The University of Michigan has joined JED Campus, a four-year initiative to assess and strengthen student well-being and mental health work currently underway across the Ann Arbor campus.
Through the national JED Campus program, an initiative of the Jed Foundation, U-M will engage in a discovery process to identify existing strengths and areas for improvement across the university’s suite of mental health services and infrastructure.
The systematic review is one of several assessment tools U-M receives through the partnership and culminates in a strategic plan and framework to enhance mental health services for students.
“JED’s commitment to the mental health of teens and young adults aligns with our aspirations to be evidence-based and public health-informed in our approach to supporting student mental health and well-being,” said Lindsey Mortenson, Student Life’s chief mental health officer and associate executive director for University Health Services.
The Jed Foundation is a national leader in establishing best practices and policies on student mental health, suicide prevention and substance misuse.
The first significant action of the initiative begins Oct. 18, when 12,000 randomly selected U-M undergraduate and graduate students will receive an invitation to participate in the Healthy Minds Study. Based in the School of Public Health, the Healthy Minds Study is fielded annually at colleges and schools to examine mental health service use and related challenges.
At U-M, selected students can anonymously share their perspectives on the university’s existing mental health promotion, substance use and suicide prevention efforts.
Survey findings, along with a review of the university’s existing mental health services and policies, will inform a strategic plan that will include recommendations to implement program, policy and systemwide improvements.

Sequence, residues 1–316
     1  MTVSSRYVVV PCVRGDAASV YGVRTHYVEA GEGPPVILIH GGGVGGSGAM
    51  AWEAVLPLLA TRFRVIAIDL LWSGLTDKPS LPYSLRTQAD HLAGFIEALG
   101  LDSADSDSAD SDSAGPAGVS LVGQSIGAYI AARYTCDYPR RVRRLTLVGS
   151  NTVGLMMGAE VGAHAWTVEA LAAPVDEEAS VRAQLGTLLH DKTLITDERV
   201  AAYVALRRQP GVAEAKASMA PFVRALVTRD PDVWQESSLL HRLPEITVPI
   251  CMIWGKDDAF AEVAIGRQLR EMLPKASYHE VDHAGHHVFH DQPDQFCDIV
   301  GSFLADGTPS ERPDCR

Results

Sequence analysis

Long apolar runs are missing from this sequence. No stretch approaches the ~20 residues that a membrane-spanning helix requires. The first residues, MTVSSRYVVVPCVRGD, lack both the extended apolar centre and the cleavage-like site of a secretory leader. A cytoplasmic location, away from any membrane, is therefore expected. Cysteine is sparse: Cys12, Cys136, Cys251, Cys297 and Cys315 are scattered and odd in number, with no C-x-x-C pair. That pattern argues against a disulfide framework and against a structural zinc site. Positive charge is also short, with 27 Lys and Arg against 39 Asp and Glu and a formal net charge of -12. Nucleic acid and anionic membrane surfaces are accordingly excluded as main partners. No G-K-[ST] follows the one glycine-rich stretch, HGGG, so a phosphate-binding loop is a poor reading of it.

Other key actions occurring in the first year include assembling an implementation team to support future recommended practices.
U-M’s participation in JED Campus, and the program’s focus on creating sustained and systemic change in the campus community, is aligned with the university’s commitment, through the Okanagan Charter, to become a health-promoting campus. Adopted in fall 2021, the Okanagan Charter is a foundational piece of the university’s Well-being Collective.
“Our partnership with JED Campus complements and deepens our work through the Well-being Collective,” said Robert Ernst, chief health officer, executive director of UHS and associate vice president for health and wellness in Student Life.
“While JED Campus specifically focuses on the dimension of emotional and mental health, this work will strengthen our work across the other seven dimensions of well-being.”
The Well-being Collective, spearheaded by Student Life and the Office of the Provost, provides a strategic and comprehensive infrastructure to address the complex health and wellness needs of faculty, staff and students.